Physicians for Human Rights is calling for an investigation into health-care workers identified in the CIA torture report who may have committed war crimes by conducting human experimentation on detainees.
Top of the Alty World
“Weaponizing Health Workers: How Medical Professionals Were a Top Instrument in U.S. Torture Program”—Democracy Now!
Ferguson activists challenge black celebrities on their silence over police shootings.—Rolling Stone
Despite the bloody headlines, some evidence indicates the world may be more peaceful than ever.—Slate
Nevada looks to the drone industry to boost the state's economy.—High Country News
Top of Alty Utah
A Utah lawmaker wants to amend the U.S. Constitution so that three-fifths of all state legislatures can vote to overturn any act of Congress, executive order, federal court decision or administrative agency decision.—Utah Political Capitol
Lawmakers have decided that a new prison relocation site will not be decided during the 2015 legislative session.—Utah Policy
Momentum is gaining behind a push to relocate the Salt Lake City homeless shelter, but advocates say money could be better spent.—Salt Lake City Weekly
Less than 24 hours after releasing a statement implying support for LGBT non-discrimination laws, The Church of Jesus Christ of Latter-day Saints issued another statement clarifying its position.—Utah Political Capitol
Daniel Burton makes the argument that Count My Vote reforms will be unlikely to improve voter turnout.
While more candidates will appear on the ballot under Utah’s new election regime, it’s unlikely that voters will perceive the races as any more competitive than previously. We’ll see a lot more television and radio advertising, but only in the primary.
Because the primary will still put just one Republican and one Democrat on the general election ballot (allowing that there may need to be multiple rounds of primaries to get a candidate who can obtain a majority vote since more than two candidates will be able to appear on the primary ballot), November elections will look pretty much the same way they do now–albeit with candidates that look less like Utah Republicans.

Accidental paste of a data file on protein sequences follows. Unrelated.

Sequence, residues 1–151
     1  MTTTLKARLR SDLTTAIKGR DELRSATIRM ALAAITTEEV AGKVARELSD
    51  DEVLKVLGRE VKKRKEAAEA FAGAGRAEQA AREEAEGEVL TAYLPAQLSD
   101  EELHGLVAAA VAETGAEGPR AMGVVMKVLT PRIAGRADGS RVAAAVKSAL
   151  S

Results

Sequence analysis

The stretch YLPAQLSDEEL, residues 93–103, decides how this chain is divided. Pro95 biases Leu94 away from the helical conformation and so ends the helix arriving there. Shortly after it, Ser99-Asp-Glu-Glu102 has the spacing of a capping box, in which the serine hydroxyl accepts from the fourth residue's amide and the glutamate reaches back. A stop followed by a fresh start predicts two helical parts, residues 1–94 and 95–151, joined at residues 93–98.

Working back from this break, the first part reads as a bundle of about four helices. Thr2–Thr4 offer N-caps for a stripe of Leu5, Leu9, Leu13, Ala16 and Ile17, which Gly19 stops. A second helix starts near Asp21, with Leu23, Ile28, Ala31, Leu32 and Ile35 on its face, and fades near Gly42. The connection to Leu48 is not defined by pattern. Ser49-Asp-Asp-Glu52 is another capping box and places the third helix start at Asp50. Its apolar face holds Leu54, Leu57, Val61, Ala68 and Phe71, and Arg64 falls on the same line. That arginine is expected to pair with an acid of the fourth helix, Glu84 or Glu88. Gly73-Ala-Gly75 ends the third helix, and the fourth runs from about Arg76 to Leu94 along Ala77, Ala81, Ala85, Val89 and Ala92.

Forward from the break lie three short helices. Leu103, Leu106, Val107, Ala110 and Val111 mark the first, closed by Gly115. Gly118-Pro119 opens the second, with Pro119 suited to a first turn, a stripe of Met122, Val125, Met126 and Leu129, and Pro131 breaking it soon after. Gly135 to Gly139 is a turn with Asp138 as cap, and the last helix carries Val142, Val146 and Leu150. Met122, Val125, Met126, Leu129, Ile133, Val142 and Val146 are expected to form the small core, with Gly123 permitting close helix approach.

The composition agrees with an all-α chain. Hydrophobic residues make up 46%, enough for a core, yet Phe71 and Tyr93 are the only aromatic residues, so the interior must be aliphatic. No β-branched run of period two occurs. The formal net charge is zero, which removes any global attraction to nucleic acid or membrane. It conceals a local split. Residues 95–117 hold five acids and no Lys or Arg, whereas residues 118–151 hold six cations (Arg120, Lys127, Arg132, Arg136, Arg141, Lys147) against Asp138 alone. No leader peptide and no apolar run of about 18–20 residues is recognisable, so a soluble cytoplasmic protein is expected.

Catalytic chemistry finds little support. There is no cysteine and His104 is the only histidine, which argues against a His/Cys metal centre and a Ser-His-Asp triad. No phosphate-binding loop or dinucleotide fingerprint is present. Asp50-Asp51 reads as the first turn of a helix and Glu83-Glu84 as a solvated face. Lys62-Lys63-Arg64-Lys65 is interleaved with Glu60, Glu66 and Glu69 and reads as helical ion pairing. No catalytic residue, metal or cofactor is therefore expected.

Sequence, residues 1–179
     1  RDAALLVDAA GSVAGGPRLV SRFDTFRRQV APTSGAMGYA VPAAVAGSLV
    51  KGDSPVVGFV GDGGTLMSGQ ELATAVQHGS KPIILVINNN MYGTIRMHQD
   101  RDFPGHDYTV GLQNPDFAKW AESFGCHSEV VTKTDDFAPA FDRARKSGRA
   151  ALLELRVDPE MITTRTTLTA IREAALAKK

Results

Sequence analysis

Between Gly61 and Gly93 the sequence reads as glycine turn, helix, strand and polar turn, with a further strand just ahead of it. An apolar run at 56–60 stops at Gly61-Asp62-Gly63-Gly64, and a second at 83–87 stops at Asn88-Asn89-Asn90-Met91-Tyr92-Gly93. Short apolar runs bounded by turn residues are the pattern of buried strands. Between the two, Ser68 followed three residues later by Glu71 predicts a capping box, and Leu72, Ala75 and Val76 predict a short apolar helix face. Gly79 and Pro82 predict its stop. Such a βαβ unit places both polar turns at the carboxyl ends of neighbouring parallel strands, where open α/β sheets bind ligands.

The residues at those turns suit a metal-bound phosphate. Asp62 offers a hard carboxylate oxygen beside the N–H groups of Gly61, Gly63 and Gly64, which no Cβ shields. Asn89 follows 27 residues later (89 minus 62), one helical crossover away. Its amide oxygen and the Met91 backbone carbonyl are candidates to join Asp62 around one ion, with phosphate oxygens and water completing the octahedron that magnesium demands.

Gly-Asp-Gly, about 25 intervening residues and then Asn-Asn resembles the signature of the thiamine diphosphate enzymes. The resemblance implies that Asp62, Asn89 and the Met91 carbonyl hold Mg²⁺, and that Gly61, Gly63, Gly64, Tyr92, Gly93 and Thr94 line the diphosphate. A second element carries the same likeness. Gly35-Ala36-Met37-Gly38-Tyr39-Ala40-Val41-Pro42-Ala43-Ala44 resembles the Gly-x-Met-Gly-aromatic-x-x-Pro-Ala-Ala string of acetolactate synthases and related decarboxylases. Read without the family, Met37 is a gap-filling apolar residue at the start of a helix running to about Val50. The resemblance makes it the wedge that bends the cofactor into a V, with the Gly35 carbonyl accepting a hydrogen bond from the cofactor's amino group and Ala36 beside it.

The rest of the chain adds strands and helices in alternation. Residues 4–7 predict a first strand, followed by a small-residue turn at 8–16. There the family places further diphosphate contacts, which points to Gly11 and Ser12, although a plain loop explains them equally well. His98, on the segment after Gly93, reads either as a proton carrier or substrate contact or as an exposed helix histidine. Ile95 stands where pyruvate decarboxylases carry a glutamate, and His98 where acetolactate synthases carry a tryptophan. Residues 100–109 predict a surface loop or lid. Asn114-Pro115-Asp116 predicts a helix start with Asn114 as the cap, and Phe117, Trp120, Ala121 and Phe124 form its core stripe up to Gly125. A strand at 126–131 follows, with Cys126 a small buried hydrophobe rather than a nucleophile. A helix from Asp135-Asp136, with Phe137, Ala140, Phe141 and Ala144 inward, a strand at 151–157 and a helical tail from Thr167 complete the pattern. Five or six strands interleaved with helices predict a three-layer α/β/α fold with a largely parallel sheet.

—Utah Politico Hub
The Long View
The 2008 terrorist attack in Mumbai presented an instance where different intelligence analysts had the data on the attackers but couldn't connect the dots.
The story of the Mumbai killings has urgent implications for the West’s duel with the Islamic State and other groups. Like Lashkar, the Islamic State’s stealthy communications and slick propaganda make it one of the world’s most technologically sophisticated terror organizations. Al Qaeda, which recently announced the creation of an affiliate in India, uses similar tools.
Although the United States computer arsenal plays a vital role against targets ranging from North Korea’s suspected assault on Sony to Russian cyberthieves and Chinese military hacking units, counterterrorism requires a complex mix of human and technical resources. Some former counterterrorism officials warn against promoting billion-dollar surveillance programs with the narrow argument that they stop attacks.
That monitoring collects valuable information, but large amounts of it are “never meaningfully reviewed or analyzed,” said Charles (Sam) Faddis, a retired C.I.A. counterterrorism chief. "I cannot remember a single instance in my career when we ever stopped a plot based purely on signals intelligence.”